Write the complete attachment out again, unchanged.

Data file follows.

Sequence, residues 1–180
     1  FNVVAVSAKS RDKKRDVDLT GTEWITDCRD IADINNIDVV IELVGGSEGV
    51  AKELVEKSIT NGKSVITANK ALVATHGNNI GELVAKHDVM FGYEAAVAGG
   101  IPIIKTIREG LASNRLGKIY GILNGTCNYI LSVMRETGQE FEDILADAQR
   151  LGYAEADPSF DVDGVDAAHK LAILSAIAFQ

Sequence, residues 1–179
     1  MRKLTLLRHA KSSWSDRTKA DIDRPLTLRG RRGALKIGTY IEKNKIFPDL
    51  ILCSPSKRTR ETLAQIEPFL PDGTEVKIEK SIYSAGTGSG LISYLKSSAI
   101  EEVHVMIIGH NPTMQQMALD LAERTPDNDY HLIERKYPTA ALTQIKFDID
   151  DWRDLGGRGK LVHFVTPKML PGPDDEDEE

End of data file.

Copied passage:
Sequence, residues 1–180
     1  FNVVAVSAKS RDKKRDVDLT GTEWITDCRD IADINNIDVV IELVGGSEGV
    51  AKELVEKSIT NGKSVITANK ALVATHGNNI GELVAKHDVM FGYEAAVAGG
   101  IPIIKTIREG LASNRLGKIY GILNGTCNYI LSVMRETGQE FEDILADAQR
   151  LGYAEADPSF DVDGVDAAHK LAILSAIAFQ

Sequence, residues 1–179
     1  MRKLTLLRHA KSSWSDRTKA DIDRPLTLRG RRGALKIGTY IEKNKIFPDL
    51  ILCSPSKRTR ETLAQIEPFL PDGTEVKIEK SIYSAGTGSG LISYLKSSAI
   101  EEVHVMIIGH NPTMQQMALD LAERTPDNDY HLIERKYPTA ALTQIKFDID
   151  DWRDLGGRGK LVHFVTPKML PGPDDEDEE